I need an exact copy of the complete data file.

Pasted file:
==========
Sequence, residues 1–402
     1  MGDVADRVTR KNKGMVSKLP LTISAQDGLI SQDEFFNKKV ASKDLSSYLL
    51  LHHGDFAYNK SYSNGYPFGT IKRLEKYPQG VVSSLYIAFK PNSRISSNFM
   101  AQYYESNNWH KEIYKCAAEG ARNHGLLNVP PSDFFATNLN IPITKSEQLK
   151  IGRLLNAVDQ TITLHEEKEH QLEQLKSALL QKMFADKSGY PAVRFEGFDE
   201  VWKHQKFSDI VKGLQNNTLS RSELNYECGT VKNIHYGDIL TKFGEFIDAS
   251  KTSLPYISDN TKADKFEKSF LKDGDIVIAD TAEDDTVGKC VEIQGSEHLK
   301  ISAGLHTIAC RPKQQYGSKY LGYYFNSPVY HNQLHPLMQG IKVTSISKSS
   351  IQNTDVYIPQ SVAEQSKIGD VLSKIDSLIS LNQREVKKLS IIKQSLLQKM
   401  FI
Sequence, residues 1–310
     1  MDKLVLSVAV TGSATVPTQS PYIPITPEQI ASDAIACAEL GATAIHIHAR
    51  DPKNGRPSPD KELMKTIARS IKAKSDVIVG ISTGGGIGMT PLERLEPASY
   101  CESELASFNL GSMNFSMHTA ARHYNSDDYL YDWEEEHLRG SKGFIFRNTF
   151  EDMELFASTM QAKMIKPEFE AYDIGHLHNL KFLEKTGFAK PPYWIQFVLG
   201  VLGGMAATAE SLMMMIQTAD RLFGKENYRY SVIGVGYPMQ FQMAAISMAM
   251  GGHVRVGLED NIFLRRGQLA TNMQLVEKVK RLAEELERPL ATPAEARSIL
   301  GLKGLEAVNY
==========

Sequence, residues 1–402
     1  MGDVADRVTR KNKGMVSKLP LTISAQDGLI SQDEFFNKKV ASKDLSSYLL
    51  LHHGDFAYNK SYSNGYPFGT IKRLEKYPQG VVSSLYIAFK PNSRISSNFM
   101  AQYYESNNWH KEIYKCAAEG ARNHGLLNVP PSDFFATNLN IPITKSEQLK
   151  IGRLLNAVDQ TITLHEEKEH QLEQLKSALL QKMFADKSGY PAVRFEGFDE
   201  VWKHQKFSDI VKGLQNNTLS RSELNYECGT VKNIHYGDIL TKFGEFIDAS
   251  KTSLPYISDN TKADKFEKSF LKDGDIVIAD TAEDDTVGKC VEIQGSEHLK
   301  ISAGLHTIAC RPKQQYGSKY LGYYFNSPVY HNQLHPLMQG IKVTSISKSS
   351  IQNTDVYIPQ SVAEQSKIGD VLSKIDSLIS LNQREVKKLS IIKQSLLQKM
   401  FI
Sequence, residues 1–310
     1  MDKLVLSVAV TGSATVPTQS PYIPITPEQI ASDAIACAEL GATAIHIHAR
    51  DPKNGRPSPD KELMKTIARS IKAKSDVIVG ISTGGGIGMT PLERLEPASY
   101  CESELASFNL GSMNFSMHTA ARHYNSDDYL YDWEEEHLRG SKGFIFRNTF
   151  EDMELFASTM QAKMIKPEFE AYDIGHLHNL KFLEKTGFAK PPYWIQFVLG
   201  VLGGMAATAE SLMMMIQTAD RLFGKENYRY SVIGVGYPMQ FQMAAISMAM
   251  GGHVRVGLED NIFLRRGQLA TNMQLVEKVK RLAEELERPL ATPAEARSIL
   301  GLKGLEAVNY